On this edition of Need to Know we hear from a mentor- “mentee” partnership who describe how their relationship has influenced both of their lives. We’ll also learn whether mentoring programs are effective and how they impact the community at-large.

Mentors for ex-offenders. It’s just one strategy out of many intended to reduce recidivism rates and to help high-risk adults find a new life free of crime. Does it work? And does the community have a stake in the matter? We’ll find out on this edition of Need to Know.

Also on the show, an update on just how well we’re all doing with what’s intended to be an “all-hands-on-deck effort” to help Rochester kids successfully progress from cradle to career.

And a Vietnam Veteran says sometimes it feels like he was just there. The experiences of war and the power of sharing one’s story nearly 50 years later.

This week, learn about mentors for inmates. It’s a partnership intended to not only steer individuals on the right path, but to also impact the criminal justice system. So, how is it working in our region?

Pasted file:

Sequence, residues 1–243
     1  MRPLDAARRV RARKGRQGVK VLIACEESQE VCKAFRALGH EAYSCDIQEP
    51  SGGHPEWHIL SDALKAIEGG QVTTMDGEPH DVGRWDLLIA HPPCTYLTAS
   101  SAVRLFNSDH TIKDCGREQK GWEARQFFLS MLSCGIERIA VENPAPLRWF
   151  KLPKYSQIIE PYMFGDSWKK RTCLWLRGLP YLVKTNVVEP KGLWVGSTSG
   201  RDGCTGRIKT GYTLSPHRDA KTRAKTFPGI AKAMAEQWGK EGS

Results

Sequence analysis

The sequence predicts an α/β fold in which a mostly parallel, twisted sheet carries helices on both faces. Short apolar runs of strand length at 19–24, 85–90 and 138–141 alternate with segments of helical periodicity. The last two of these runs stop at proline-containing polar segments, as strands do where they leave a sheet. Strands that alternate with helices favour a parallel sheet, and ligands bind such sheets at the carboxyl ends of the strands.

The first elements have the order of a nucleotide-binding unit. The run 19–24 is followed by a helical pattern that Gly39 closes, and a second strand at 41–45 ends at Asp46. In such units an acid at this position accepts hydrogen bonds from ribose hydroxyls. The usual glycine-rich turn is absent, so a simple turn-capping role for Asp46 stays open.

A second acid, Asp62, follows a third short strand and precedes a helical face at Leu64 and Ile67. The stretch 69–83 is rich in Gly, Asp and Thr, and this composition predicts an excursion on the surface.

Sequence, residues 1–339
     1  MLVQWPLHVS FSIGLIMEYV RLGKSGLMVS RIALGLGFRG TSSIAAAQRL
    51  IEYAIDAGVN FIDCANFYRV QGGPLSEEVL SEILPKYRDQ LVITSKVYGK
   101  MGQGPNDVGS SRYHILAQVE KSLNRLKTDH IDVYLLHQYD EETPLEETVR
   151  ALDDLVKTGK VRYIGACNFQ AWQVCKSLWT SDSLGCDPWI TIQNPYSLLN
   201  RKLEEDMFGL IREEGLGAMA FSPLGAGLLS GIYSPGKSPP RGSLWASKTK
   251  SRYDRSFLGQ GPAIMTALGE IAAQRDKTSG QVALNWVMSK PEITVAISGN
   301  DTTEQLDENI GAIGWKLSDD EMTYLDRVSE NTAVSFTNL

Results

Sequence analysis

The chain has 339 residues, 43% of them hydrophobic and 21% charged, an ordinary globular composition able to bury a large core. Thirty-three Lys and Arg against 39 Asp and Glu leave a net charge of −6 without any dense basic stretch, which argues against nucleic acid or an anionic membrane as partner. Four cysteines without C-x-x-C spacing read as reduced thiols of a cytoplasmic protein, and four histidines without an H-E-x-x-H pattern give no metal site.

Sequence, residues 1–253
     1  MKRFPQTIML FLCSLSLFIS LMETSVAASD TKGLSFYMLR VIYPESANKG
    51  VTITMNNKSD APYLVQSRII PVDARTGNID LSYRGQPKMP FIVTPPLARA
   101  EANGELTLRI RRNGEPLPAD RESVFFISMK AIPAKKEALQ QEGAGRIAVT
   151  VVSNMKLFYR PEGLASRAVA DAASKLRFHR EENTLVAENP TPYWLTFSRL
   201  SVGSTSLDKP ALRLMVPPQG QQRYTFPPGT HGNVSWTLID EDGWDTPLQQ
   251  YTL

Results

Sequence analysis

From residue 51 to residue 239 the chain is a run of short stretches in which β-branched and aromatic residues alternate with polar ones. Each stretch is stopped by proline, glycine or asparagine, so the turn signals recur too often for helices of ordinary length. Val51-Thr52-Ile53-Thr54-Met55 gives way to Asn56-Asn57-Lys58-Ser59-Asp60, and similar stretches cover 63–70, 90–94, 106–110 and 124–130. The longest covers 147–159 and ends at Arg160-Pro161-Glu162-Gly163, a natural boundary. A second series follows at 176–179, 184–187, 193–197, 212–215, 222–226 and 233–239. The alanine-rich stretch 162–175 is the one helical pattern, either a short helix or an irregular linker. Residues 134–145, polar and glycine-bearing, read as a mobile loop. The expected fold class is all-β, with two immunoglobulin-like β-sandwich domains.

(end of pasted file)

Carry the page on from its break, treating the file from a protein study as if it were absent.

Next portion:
And is the state of our children improving? A new report card answers that question – more than five years after the launch of a community-wide effort.

It happened more than four decades ago, so why does its legacy still haunt us to this day? Uncovering the Attica prison uprising and how it impacted the current state of criminal justice on this edition of Need to Know.

Also on the show, he’s the radio personality everyone calls “brother.” And he’s sharing stories about a brotherhood that saw him through some of the best of times and the worst of times. Don’t miss reflections of Vietnam with Brother Wease.